Photo by Robin Webster.  Copyrighted, licensed for reuse.

Near Future Tech for Stage Managers

David J. McGraw

The annual USITT conference wrapped up in St. Louis a couple of weeks ago and I had the pleasure of participating in two panels and attending several others. I also clearly did not budget enough time on the Stage Expo floor: three hours was not enough time to check out all of the latest technology and software advances. But there are two pieces of near-future tech that I didn’t see but I am convinced someone should invent for stage managers. Add a comment

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Making More than Minimum

David J. McGraw

A question appeared on social media about gender wage equality for stage managers, which then led to a related question about how many Equity stage managers earn more than minimum union scale.  The 2015 edition of the Stage Manager Survey asked the 1,662 participants if they had tried to negotiate for a higher salary in their past three jobs:

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The cover of Stage Management Basics: A Primer for Performing Arts Stage Managers
The cover of Stage Management Basics: A Primer for Performing Arts Stage Managers

Guidance for the Ones Who Keep It All Together

David J. McGraw

Interviewing one of the authors of Stage Management Basics: A Primer for Performing Arts Stage Managers

Stage managers are the linchpins of productions, involved in making sure everything happens smoothly, from before the first rehearsal to after strike, across all departments. And yet so often people starting out in the role are thrown into it with little preparation or guidance. Stage Management Basics: A Primer for Performing Arts Stage Managers from Routledge Press, written by Emily Roth, Jonathan Allender-Zivic and Katy McGlaughlin, aims to change that, offering clear advice for those starting in the field—and sharing a wealth of documents and tools to help stage managers keep it all together. The trio began working on this book several years ago and last year one of authors, Katy McGlaughin, started her studies in the MFA Stage Management program that I lead at the University of Iowa. We sat down to chat about the book, her co-authors, and why they think sharing tools is so necessary.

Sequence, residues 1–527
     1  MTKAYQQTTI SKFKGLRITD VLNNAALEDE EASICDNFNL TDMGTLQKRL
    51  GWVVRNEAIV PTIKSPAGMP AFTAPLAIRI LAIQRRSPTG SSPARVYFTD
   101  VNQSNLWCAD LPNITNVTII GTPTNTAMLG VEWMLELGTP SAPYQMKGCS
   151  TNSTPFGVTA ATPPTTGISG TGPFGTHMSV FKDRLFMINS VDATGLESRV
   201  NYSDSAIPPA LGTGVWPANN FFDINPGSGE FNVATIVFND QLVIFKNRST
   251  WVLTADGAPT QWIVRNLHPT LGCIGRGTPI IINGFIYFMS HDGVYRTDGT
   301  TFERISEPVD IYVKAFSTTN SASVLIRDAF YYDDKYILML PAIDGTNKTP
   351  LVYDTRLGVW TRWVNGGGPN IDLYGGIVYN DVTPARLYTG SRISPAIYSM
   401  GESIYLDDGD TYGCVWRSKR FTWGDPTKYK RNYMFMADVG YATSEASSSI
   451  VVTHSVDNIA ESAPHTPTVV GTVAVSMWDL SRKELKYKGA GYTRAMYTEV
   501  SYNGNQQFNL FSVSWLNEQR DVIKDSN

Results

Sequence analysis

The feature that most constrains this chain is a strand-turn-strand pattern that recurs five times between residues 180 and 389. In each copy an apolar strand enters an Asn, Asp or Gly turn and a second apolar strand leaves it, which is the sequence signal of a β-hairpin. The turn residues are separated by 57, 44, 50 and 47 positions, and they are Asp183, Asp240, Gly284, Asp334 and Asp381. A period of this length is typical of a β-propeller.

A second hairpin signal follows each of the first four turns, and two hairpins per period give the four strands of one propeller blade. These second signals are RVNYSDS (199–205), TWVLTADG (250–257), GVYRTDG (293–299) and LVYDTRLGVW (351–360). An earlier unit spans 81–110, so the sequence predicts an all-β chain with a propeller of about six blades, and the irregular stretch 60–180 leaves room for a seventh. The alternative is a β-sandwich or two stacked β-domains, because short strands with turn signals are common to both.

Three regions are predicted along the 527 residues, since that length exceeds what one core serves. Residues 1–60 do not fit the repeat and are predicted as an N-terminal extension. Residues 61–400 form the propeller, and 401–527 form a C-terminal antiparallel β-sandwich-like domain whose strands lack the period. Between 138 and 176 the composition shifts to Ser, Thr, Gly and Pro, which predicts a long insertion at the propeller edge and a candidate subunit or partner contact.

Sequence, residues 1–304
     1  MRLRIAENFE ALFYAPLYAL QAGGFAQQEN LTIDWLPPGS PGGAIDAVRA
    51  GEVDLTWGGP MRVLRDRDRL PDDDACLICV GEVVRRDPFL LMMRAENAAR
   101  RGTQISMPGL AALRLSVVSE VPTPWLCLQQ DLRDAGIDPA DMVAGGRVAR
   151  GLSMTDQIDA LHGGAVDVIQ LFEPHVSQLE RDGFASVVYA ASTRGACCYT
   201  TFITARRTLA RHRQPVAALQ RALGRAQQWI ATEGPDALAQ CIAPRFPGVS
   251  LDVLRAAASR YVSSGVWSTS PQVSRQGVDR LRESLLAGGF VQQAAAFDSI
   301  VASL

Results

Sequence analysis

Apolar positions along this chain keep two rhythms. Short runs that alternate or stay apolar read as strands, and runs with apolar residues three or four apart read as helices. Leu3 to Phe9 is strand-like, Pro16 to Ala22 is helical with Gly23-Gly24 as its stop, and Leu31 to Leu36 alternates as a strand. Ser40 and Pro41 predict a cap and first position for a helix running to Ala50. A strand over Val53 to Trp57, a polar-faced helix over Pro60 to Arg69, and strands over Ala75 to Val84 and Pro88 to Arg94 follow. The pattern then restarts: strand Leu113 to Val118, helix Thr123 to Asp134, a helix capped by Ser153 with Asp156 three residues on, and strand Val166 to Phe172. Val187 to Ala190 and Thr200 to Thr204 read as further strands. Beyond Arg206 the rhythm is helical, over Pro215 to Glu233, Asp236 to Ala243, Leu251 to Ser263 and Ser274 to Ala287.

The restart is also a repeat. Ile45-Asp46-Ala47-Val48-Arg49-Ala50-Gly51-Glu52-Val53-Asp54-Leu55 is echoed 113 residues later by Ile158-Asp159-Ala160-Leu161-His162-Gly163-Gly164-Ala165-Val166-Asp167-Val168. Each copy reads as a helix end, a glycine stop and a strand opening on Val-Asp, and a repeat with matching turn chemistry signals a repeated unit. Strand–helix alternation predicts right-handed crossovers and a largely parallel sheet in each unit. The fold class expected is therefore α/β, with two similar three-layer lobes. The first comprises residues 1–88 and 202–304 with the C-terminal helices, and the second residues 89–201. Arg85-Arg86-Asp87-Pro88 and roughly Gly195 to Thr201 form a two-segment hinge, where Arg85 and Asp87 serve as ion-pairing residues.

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Weekly Timesheet

Punching the Clock

David J. McGraw

Since the Department of Labor announced back in May the updated overtime regulations in the Fair Labor Standards Act that take effect on December 1st, nearly every American industry has examined how – and how long - its employees work.  Perhaps this is the pendulum swinging back after decades of increased expectations of work hours, but all fields must now consider whether they have built their companies on the backs of employees who do not set their own schedules.  The performing arts are no different.

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Red rose.  Photo by Enid Martindale

A Rose by any Other Name

Katy McGlaughlin

In a field where personal satisfaction often out-weighs monetary payment a title can mean a lot. When I was hired for my last job I was officially called the “Production Assistant/Stage manager;” in reality I was assisting the production manager, shopping/buying for the shop, managing budgets, contracting crew, stage managing the Main Stage season, and working with the Second Stage stage manager. After I had been working for several months, and really started to understand the scope of the job, I had a meeting with my boss about changing my title.

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Replacing Cues.  Photo by Sarah Smiley

Adaptive Leadership

David J. McGraw

If you work in a close-knit theatrical community, you can guess the director or choreographer of a show just by its staging.  And despite creating environments in multiple time periods and locations, many designers also have ‘visual signatures.’  So do stage managers have a style that is apparent to other theatre artists even when the SM is not physically present?

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